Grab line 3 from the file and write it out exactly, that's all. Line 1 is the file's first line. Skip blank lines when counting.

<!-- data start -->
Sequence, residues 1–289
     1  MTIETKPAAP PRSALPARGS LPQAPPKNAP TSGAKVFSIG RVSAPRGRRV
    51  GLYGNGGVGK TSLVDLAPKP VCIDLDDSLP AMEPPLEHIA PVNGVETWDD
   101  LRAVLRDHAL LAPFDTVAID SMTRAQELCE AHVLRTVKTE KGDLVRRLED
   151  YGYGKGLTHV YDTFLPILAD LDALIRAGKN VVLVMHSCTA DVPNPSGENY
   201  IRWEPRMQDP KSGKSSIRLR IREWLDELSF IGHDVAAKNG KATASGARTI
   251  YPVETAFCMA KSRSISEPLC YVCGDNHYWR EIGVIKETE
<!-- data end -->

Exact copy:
    51  GLYGNGGVGK TSLVDLAPKP VCIDLDDSLP AMEPPLEHIA PVNGVETWDD